Cover: On Free-Form Gaming

On Free-Form Gaming

Published 1985

by William M. Jones


Download eBook for Free

FormatFile SizeNotes
PDF file 2.1 MB

Use Adobe Acrobat Reader version 10 or higher for the best experience.


Purchase Print Copy

 Format Price
Add to Cart Paperback56 pages $23.00

This Note describes the procedures, appropriate uses, and limitations of the free-form game. It discusses free-form gaming as a procedure for organized study of the complex problems entailed in confrontations and crises, whether between nations or within organizations. The author suggests that to be useful, a study game must have a substantively informed design and playing teams whose members, in combination, bring knowledge of the issues and processes being simulated into the exercise. Free-form games have a number of limitations: They cannot adequately represent the multiple and diverse staff and systems operations that go on in "real life" national crises; they rarely can be used to cover a simulated crisis from beginning to end; and they do not lend themselves to detailed and mechanically rigorous comparative analysis across several games.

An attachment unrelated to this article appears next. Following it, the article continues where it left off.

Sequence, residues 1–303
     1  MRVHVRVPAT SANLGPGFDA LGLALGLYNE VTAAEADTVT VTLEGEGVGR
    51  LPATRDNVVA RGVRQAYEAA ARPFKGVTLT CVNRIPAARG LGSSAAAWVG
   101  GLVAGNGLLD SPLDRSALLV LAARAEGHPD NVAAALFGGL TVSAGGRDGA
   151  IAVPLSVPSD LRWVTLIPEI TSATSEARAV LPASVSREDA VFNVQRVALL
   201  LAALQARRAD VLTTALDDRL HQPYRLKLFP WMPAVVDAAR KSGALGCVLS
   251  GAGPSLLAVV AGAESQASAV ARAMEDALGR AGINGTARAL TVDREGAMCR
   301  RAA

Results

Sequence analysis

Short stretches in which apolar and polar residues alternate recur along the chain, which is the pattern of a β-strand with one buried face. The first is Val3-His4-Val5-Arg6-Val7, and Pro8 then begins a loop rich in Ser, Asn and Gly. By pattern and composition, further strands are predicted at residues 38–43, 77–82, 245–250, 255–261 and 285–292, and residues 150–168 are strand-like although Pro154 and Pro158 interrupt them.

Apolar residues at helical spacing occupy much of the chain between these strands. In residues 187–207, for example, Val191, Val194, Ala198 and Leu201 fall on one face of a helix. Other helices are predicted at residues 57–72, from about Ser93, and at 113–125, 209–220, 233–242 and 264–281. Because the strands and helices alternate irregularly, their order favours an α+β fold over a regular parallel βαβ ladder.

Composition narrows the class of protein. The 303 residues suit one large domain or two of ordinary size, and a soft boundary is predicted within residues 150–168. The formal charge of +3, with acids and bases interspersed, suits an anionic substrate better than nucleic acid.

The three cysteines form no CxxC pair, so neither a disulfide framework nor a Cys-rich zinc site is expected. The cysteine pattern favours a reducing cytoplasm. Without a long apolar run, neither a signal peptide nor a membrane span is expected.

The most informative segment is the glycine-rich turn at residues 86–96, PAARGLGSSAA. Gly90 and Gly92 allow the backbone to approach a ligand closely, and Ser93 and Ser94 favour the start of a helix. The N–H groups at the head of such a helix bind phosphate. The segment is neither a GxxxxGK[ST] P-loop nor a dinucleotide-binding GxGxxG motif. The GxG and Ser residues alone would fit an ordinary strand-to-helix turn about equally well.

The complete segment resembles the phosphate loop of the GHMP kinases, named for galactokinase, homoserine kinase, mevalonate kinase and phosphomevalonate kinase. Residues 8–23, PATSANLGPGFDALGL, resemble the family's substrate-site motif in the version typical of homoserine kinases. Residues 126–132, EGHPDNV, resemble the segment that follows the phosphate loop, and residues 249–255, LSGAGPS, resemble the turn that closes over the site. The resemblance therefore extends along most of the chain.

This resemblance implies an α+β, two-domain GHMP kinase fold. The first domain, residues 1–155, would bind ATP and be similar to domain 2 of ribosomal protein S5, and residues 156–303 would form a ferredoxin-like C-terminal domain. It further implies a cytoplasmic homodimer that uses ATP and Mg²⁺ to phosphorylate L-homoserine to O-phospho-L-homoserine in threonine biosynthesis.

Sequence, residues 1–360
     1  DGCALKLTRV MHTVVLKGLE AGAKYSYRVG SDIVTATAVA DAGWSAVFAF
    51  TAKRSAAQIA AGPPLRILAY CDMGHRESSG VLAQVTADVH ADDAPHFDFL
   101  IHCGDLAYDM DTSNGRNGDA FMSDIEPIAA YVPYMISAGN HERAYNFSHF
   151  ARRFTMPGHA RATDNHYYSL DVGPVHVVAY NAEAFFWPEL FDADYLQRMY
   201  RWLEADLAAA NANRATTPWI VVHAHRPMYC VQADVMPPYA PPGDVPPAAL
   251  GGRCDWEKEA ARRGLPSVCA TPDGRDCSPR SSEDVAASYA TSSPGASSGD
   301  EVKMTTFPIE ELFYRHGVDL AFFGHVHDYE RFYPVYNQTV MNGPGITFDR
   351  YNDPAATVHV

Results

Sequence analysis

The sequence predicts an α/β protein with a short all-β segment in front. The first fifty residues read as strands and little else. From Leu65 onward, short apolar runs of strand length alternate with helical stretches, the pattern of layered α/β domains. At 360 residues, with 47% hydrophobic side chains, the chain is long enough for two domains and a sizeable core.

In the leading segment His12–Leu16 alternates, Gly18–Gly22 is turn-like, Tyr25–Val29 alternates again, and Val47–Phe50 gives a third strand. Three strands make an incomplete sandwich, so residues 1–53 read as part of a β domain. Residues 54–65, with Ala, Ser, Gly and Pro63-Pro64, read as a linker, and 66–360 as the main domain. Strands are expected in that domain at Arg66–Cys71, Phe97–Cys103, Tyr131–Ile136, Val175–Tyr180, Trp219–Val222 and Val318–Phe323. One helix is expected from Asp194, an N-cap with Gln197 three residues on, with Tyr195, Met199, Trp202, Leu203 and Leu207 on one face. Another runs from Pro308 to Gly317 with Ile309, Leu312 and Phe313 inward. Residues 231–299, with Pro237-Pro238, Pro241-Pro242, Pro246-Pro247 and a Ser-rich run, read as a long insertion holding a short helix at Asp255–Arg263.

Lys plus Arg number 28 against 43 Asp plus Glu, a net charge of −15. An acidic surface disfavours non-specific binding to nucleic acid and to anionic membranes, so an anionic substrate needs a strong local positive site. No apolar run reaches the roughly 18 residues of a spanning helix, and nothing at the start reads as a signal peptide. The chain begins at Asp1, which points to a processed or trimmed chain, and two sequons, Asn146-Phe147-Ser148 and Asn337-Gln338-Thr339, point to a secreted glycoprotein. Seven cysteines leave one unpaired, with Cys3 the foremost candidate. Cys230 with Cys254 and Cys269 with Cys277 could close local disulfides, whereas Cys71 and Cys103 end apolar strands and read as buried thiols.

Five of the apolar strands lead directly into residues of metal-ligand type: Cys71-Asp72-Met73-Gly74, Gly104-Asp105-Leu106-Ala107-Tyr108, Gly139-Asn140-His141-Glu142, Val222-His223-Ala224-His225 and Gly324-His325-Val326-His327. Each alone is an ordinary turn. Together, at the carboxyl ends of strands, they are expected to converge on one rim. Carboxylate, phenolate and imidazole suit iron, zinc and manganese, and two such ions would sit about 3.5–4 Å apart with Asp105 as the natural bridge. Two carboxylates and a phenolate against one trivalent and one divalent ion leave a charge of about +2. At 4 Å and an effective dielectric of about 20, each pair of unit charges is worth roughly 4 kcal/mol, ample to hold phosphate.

This report is part of the RAND note series. The note was a product of RAND from 1979 to 1993 that reported other outputs of sponsored research for general distribution.

This research in the public interest was supported by RAND, using discretionary funds made possible by the generosity of RAND's donors, the fees earned on client-funded research, and independent research and development (IR&D) funds provided by the Department of Defense.

This document and trademark(s) contained herein are protected by law. This representation of RAND intellectual property is provided for noncommercial use only. Unauthorized posting of this publication online is prohibited; linking directly to this product page is encouraged. Permission is required from RAND to reproduce, or reuse in another form, any of its research documents for commercial purposes. For information on reprint and reuse permissions, please visit

RAND is a nonprofit institution that helps improve policy and decisionmaking through research and analysis. RAND's publications do not necessarily reflect the opinions of its research clients and sponsors.